Simply stated, Noach Dear and the district voters enjoy certain constitutional protections as a candidate and as voters under the First and Fourteenth Amendment to the United States Constitution and under Article I, Sec. 1 of the New York State Constitution, For Local Law 27 to constitutionally apply to him and these voters, and bar him from the ballot and disenfranchise the district voters from voting for a candidate of their choice (particularly his 3000 petition signers), the City must demonstrate that it has a rationale for Local Law 27 to apply to him sufficient to override the infringement to his and their rights.
(Dear Mem. of Law, State Supreme Court, pp. 44-45)(emphasis added).

In the case at bar, the magnitude of injury to Noach Dear, the 3000 Democrats who signed his petitions and the voters of his district could obviously not be greater should Local Law 27 be applied to him and he were stricken from the ballot. Noach Dear's right to run, the voters' impacted right to vote, their rights to associate, his due process and equal protection rights, all have been eviscerated completely by this unintended and retroactive application of Local Law 27.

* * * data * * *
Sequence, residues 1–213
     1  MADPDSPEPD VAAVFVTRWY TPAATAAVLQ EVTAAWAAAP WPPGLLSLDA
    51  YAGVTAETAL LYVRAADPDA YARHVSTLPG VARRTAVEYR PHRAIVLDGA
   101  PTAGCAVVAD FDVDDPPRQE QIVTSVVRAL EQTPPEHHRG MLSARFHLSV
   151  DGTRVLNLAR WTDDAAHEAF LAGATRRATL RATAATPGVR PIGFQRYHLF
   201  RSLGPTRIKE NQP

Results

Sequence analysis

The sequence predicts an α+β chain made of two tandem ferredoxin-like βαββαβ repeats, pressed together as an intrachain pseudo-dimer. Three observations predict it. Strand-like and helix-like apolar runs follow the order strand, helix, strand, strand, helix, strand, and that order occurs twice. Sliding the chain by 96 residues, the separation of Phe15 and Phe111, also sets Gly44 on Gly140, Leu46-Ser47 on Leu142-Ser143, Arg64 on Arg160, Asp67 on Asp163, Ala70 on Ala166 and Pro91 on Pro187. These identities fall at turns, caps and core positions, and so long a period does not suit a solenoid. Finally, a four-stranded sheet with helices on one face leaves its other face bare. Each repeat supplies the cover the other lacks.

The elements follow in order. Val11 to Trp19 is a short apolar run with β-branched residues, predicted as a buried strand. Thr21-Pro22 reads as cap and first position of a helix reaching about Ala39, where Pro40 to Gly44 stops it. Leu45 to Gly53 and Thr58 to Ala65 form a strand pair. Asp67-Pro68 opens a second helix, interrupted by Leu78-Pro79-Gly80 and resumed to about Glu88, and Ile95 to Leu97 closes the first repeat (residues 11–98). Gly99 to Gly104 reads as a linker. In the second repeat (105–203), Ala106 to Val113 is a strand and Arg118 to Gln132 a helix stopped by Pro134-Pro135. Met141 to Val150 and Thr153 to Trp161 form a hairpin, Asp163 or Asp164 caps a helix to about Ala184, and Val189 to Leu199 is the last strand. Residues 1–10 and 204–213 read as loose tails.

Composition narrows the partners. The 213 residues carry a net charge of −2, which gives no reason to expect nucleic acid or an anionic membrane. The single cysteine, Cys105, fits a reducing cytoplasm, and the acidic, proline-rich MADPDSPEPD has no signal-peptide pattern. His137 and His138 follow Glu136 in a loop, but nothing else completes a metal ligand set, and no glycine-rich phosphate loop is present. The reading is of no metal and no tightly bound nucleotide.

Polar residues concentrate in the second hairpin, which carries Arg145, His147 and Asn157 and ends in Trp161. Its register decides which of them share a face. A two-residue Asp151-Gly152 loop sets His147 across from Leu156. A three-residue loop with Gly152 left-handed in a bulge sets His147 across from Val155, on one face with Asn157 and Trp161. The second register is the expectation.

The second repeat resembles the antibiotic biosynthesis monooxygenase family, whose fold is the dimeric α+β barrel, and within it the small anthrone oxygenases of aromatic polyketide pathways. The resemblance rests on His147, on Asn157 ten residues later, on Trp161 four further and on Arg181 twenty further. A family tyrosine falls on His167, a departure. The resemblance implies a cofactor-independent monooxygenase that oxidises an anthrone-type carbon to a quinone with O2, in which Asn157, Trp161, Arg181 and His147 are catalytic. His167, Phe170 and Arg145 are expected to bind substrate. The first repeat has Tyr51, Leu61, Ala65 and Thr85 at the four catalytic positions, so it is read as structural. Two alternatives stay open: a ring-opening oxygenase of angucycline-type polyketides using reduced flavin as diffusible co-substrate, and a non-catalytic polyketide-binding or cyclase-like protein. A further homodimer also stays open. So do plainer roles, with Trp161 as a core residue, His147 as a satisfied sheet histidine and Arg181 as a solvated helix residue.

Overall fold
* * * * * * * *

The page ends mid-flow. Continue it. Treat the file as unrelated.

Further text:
(Dear Mem. of Law, State Supreme Court, p. 49)(emphasis added).

Similarly, there is no rationale to infringe upon the 3000 petition signers or the district voters' First and Fourteenth Amendment right to vote for Noach Dear. [ Page 18]
As such, inasmuch as there is no countervailing "state interest" to offset the infringement upon Noach Dear and the district voters' First and Fourteenth Amendment rights, this Court should find that Local Law 27 is unconstitutional as applied to Noach Dear.
(Dear Mem. of Law, State Supreme Court, pp. 51-52)(emphasis added).

After oral argument before Justice Levine on August 4, 2003, counsel for Noach Dear submitted a reply memorandum of law in letter form, including the following arguments raised by the plaintiff-voters herein:

Candidates and voters' state and federal constitutional rights come into play in the electoral process. Running for office is in and of itself a constitutionally protected activity with an impact upon voters' rights within the context of the right of government to regulate the election process.